Today was one of those days. I have taken to sleeping in a reclining chair to breathe properly. Congestive heart failure now dogs my steps and steals my joy in simple tasks. I broke down today and ordered a hospital type bed so that I can sleep upright at night. Now we must to figure out how to arrange things.
I have always felt that twin beds contribute to divorce, and I have grown so fond of Snookums over the years that I just don’t want to give her up. Even when the problem of individual comfort came up and twin beds were ordered, we pushed them together where we can listen to each other breathe at night. I’ll do the same with the hospital bed, though it is going to cause my white cur some grief. Her spot was the crack between the two beds.
It should also be amusing to watch two gimpy oldsters trundling the five packages the bed will come in into the house, and the comedy assembling everything. I’ll swap my little studio day bed with the existing bedroom twin, move Snooks bed into that spot, and assemble the hospital bed in her old spot.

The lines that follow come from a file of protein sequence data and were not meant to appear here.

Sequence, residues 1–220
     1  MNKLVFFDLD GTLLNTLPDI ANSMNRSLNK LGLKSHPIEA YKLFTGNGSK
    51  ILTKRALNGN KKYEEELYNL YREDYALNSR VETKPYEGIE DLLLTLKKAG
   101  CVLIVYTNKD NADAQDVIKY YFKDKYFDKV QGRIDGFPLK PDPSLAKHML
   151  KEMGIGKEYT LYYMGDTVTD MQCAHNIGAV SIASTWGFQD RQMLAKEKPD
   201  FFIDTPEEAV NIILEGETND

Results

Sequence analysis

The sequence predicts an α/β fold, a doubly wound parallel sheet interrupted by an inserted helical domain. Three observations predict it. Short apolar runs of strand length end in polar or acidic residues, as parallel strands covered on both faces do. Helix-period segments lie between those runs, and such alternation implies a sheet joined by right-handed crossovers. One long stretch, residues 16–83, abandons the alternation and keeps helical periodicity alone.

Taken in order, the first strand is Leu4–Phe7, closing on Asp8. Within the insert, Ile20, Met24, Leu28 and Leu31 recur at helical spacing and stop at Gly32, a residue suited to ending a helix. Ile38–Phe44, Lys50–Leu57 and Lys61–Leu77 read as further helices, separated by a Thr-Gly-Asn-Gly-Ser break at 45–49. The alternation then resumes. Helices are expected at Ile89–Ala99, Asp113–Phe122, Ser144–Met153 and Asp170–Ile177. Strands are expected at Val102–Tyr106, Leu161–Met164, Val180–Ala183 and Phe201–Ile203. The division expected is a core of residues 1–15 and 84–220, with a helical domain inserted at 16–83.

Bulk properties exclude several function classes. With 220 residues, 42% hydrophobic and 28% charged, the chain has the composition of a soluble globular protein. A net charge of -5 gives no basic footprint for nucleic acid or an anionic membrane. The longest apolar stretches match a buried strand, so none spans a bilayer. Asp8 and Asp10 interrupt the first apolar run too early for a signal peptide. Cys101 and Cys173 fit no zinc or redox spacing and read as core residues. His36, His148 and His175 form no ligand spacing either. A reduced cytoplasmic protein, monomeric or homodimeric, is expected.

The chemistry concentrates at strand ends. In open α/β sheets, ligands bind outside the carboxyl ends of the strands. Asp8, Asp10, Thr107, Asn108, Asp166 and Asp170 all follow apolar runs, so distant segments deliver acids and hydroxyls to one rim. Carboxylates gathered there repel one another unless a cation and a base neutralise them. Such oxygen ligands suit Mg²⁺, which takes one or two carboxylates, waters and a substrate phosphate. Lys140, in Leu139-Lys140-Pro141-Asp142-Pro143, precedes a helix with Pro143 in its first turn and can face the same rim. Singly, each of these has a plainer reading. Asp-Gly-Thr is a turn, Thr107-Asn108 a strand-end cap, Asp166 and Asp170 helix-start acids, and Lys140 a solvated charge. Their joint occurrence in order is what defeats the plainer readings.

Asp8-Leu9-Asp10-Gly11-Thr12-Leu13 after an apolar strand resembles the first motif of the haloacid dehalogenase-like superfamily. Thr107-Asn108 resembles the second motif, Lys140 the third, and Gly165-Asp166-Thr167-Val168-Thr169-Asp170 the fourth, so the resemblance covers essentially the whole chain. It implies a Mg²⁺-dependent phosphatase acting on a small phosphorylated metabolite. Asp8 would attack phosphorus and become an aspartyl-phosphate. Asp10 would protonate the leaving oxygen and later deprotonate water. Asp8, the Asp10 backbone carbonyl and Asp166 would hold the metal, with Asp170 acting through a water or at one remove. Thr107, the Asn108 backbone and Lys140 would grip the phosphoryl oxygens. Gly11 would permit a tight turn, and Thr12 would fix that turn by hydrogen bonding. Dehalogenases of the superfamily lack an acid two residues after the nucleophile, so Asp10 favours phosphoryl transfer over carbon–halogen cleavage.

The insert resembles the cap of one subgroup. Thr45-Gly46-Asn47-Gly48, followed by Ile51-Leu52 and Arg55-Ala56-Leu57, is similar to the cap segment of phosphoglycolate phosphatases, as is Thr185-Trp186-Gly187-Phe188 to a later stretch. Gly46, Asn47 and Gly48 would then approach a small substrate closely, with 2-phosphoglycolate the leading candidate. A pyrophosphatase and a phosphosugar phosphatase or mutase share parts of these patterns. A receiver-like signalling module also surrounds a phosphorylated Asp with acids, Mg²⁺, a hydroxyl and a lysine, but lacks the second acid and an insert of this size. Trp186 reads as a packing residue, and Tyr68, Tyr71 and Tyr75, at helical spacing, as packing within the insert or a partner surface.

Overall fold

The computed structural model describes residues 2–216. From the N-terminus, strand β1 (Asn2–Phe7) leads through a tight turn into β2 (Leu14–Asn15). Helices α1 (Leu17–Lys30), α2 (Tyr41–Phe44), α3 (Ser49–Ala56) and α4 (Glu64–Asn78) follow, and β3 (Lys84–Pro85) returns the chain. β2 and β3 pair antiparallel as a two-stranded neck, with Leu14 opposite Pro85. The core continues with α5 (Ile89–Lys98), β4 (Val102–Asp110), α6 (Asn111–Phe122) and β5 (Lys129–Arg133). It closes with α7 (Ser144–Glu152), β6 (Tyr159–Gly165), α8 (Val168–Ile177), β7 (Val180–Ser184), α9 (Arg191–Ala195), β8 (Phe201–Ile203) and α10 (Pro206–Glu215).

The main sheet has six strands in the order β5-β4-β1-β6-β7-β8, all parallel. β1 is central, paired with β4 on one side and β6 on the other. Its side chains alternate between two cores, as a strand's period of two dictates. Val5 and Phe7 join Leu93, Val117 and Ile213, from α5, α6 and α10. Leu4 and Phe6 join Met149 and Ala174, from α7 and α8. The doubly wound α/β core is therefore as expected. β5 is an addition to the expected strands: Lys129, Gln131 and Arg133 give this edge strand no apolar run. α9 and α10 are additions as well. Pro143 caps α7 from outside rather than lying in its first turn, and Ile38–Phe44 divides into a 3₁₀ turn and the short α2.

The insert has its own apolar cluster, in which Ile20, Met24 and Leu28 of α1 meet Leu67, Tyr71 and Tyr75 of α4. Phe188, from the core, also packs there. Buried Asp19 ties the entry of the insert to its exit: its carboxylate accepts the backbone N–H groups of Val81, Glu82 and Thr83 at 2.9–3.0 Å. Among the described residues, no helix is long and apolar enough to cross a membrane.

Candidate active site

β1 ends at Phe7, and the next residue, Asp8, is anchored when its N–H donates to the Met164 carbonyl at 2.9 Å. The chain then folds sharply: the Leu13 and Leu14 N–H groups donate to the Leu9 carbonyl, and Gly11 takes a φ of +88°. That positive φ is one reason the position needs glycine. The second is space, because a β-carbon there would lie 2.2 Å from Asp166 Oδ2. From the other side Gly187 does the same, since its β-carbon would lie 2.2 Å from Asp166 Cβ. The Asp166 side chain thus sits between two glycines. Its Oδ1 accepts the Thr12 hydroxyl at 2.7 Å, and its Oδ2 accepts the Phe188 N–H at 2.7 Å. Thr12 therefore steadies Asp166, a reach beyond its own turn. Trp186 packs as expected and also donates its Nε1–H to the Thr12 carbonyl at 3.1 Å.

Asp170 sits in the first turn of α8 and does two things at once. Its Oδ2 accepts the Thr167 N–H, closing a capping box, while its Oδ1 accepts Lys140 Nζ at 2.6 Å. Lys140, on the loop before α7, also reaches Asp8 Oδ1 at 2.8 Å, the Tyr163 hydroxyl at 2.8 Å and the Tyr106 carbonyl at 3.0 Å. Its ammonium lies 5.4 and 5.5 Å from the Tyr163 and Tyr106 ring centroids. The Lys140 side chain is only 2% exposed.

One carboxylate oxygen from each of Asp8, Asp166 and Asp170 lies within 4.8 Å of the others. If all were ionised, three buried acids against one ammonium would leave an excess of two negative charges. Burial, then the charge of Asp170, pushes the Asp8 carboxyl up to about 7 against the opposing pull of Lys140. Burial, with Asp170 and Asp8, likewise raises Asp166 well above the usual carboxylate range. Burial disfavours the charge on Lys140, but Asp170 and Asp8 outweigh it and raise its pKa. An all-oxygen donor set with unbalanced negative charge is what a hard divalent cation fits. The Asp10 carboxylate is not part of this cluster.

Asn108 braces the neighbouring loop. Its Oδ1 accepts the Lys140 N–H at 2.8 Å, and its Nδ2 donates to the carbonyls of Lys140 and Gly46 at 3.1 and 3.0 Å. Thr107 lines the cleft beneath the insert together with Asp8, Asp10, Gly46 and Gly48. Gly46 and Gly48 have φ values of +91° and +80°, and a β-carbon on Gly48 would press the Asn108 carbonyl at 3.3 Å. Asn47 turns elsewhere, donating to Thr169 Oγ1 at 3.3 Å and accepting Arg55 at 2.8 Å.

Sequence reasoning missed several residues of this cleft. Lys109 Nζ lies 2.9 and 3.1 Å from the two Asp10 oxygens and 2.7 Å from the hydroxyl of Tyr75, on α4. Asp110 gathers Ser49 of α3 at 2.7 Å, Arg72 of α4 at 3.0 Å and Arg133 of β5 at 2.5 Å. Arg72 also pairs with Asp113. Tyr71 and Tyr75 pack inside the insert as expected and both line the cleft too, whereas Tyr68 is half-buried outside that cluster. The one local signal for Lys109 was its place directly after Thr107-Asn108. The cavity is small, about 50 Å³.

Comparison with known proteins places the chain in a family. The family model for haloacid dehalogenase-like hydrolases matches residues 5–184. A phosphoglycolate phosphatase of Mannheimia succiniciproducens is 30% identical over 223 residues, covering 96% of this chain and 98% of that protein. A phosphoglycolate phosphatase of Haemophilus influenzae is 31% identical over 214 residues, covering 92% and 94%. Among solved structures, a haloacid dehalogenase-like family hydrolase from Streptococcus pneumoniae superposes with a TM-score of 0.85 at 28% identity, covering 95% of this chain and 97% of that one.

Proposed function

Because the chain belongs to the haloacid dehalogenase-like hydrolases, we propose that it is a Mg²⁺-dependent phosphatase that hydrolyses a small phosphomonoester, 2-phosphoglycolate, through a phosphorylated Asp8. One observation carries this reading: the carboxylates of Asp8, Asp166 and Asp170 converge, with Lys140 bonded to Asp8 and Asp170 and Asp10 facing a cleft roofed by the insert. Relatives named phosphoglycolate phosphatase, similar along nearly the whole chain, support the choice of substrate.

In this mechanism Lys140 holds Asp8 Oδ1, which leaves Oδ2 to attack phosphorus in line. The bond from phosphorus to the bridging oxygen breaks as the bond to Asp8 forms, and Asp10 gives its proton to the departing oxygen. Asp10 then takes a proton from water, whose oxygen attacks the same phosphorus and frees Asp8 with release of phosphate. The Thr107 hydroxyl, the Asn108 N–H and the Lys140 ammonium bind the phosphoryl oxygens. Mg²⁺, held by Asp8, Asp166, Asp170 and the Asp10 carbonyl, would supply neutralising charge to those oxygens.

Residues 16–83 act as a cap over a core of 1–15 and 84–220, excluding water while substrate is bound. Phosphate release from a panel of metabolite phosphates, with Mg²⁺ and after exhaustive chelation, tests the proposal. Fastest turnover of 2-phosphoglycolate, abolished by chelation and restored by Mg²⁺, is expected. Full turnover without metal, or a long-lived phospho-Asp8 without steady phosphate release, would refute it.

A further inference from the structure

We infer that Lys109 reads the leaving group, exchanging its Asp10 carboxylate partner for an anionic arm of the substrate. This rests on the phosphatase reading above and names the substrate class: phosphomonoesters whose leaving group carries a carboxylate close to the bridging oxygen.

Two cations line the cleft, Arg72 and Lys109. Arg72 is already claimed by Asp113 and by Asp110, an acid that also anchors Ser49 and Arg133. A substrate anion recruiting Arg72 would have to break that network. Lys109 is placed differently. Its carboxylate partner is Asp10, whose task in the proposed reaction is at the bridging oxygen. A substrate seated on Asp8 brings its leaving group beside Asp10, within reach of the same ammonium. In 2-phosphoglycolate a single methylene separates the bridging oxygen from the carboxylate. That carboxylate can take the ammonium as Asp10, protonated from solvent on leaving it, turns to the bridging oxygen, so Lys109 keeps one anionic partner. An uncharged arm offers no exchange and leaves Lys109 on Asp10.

But I wonder if in my addled old age if I don’t wander into the walk-in closet to pee …
I am ditching shul today, I am just too sore and grumpy to enjoy the services and the long drive. But then, I have long wanted to belong to a group where I wasn’t so driven to be there, one that I could just decide some mornings to just stay home and enjoy the Shabbat alone. I still feel a twinge of irresponsibility for missing the assembly, though.
We have lots of rain, which has turned the sere Texas landscape into a green garden of flowers and vines. I am always amazed at this rugged lands ability to survive. We had four continuous years of severe drought, so the rains are a hugely welcome happening. The land springs back just like nothing had happened to it.
So goes the days here in my rustic haven in rural Texas. The sun rises, the sun sets. Shabbat arrives, Shabbat leaves. Another three or four hundred words chronical the passage of time. The coffee pot is drained, and prepared for the morrow. Snookums retires to her studio to catch up on her days activities, and I to mine to chronicle them. In four hours the Shabbat ends with the dousing of the Havdalah candles, and the first of the week returns and so does our labors.